Relationship Struggles And Understanding Of Characters In Cry, The Beloved Country

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Many relationships are torn apart by selfish desires and brought together by the consequences of those actions. The characters in Cry, the Beloved Country with broken relationships find a better understanding of each other in their suffering. After renewing the relationship, it is strengthened, even if it is too late to make the physical change. The understanding between these characters is heightened as their suffering continues and as the pain sets it. Everyone finds understanding in different situations and suffering. Gertrude and Stephen Kumalo find understanding in sickness, Arthur and James Jarvis in death, and Absalom and Stephen Kumalo in sin corruption.

Gertrude and Stephen Kumalo have been separated by her loss of tribal values and instability. Gertrude fell into “sickness” and wayward lifestyle as explained by Msimangu. “Yes, she is very sick But it is not that kind of sickness. It is another, a worse kind of sickness. I sent for you firstly because she is a woman that is alone, and secondly because her brother is a priest. I do not know if she ever found her husband, but she has no husband now'(Page 53). His faith and forgiveness brought her back and they were able to understand each other and reunite. Stephen asked Gertrude if she wanted to come back when she finally felt the true deterioration of herself and her mental state because of Johannesburg and her actions. “‘Do you wish to come back? She nods her head. ‘I do not like Johannesburg,’ she says. ‘I am sick here. The child is sick also.’ ‘Do you wish with your heart to come back?’ She nods her head again'(Page 61).

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Arthur and James Jarvis’s relationship was worsened when Arthur realized his lack of South African knowledge. James realized after Arthur’s death, that their relationship was not as close as he had thought because Arthur did not know the truth about his country and upbringing. Arthur felt betrayed that his father had not taught him about the truths of his country but only the ideals. “I was born on a farm, brought up by honourable parents, given all that a child could need or desire. They were upright and kind and law-abiding; they taught me my prayers and took me regularly to church; they had no trouble with servants and my father was never short of labour. From them I learned all that a child should learn of honour and charity and generosity. But of South Africa I learned nothing at all(Page 207). Only after reading Arthur’s papers does he see what Arthur had gone through. This knowledge brought him closer to his son. James finally understood his son and his values after reading the words of Abraham Lincoln. “He picked up the Abraham Lincoln and went down to the study again, and there opened the book at the Second Inaugural Address of the great president. He read it through and felt with a sudden lifting of spirit that there was a secret unfolding, a track picked up again. There was increasing knowledge of a stranger. He began to understand why the picture of this man was in the house of his son, and his multitude of books(Page 188).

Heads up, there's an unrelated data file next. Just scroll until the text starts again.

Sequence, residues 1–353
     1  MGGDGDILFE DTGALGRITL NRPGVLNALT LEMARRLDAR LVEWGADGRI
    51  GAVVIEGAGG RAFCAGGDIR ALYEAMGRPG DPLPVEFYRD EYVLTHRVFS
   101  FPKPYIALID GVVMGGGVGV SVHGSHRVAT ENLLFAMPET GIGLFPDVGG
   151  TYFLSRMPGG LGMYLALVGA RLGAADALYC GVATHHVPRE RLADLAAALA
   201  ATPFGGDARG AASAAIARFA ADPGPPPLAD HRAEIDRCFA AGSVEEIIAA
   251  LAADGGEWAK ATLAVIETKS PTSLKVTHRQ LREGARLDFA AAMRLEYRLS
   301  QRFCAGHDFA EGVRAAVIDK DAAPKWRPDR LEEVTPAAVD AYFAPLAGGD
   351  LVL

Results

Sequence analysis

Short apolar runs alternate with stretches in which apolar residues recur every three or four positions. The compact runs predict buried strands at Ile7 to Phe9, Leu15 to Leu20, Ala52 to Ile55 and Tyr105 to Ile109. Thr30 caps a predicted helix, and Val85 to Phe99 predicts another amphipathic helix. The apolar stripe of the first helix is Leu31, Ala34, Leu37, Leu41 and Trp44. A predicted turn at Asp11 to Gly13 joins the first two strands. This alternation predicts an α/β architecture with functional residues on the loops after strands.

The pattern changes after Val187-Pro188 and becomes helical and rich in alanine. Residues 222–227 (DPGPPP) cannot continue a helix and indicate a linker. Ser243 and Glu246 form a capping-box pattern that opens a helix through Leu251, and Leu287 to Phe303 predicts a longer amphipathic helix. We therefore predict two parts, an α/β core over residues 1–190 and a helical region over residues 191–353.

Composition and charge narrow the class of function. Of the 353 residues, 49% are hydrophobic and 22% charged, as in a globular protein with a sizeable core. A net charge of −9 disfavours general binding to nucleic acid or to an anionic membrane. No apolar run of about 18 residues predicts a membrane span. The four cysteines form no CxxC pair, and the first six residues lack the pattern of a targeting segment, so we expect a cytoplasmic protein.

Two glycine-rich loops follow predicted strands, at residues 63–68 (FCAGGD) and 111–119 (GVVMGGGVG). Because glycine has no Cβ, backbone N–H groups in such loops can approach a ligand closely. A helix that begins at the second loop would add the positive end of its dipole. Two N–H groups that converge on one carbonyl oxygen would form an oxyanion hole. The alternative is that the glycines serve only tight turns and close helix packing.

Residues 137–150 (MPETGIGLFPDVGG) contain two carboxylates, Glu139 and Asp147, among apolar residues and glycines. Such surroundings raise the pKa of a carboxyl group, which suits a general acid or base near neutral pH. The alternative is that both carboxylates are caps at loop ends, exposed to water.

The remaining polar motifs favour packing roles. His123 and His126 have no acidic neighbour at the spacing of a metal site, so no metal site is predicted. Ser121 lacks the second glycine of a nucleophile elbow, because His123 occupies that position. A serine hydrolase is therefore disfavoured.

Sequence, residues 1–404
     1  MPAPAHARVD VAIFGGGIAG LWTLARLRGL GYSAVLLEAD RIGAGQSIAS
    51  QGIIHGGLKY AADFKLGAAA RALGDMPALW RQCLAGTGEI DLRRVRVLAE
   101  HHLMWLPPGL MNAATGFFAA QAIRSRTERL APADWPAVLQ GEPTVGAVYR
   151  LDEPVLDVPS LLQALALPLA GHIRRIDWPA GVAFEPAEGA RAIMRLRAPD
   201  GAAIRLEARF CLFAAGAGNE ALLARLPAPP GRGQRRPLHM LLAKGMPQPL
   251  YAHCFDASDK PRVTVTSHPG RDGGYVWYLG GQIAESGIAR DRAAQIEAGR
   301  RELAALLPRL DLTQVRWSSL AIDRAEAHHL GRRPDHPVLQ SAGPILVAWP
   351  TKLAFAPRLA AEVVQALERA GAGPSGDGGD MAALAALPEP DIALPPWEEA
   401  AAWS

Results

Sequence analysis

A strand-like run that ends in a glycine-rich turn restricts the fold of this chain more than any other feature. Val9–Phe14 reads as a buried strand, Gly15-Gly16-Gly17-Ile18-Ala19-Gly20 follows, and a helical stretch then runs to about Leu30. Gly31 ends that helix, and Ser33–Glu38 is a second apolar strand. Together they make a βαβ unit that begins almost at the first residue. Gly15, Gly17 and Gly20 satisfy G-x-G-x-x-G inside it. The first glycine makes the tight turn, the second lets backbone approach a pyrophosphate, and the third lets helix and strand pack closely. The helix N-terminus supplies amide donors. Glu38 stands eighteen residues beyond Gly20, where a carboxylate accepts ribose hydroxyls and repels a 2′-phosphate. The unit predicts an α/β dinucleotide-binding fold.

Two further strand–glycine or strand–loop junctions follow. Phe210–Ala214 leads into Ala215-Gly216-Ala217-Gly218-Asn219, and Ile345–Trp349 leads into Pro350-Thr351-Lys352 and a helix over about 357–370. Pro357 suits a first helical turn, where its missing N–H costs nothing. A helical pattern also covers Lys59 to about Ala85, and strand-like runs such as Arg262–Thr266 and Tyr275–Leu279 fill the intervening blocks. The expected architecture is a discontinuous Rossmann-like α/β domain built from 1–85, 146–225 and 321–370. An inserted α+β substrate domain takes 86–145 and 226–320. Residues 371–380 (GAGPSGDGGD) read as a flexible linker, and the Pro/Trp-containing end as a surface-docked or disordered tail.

Absalom Kumalo and his father, Stephen Kumalo were torn apart by the corruptness of Johannesburg. Absalom moved away from his father and was corrupted by the city and new lifestyle. His crime and punishment bring him back to the faith of his father. Absalom says in defence,” This Johannesburg is a dangerous place. A man never knows when he will be attacked'(Page 130). He is trying to give reason to why he lived with this corruption and sin. When his father came to find him, he searched for a reason for his faults and mistakes rather than accepting the real situation. Stephen wanted Absalom to admit to his crime and ask for forgiveness. Out of shame, Absalom would not lie to his father, the priest, but claims to have prayed for forgiveness in court. “‘I prayed there.’ The prosecutor seems taken aback for a moment, but the judge says,’ And what did you pray there’ ‘I prayed for forgiveness.’”(Page 197). He says that he asked for forgiveness in order to win the court over in his favour which we see later was not effective.

In all of the cases indicated, forgiveness and an open heart were key in the healing of the relational bond. We see that even with all the death, sickness, sin and pain, they found common ground with one another. They were able to see eye to eye and strengthen their relationship. Their suffering allowed them to understand each other’s hurting and experiences. Gertrude and Stephen Kumalo find their understanding through her “sickness” and wish to have a deeper fulfilment. James Jarvis begins to understand his son Arthur when he is murdered and he has to opportunity to read his son’s writing. Absalom is corrupted by Johannesburg and the people there which makes Stephen Kumalo want to work even harder to get his son to come back to Christ.  


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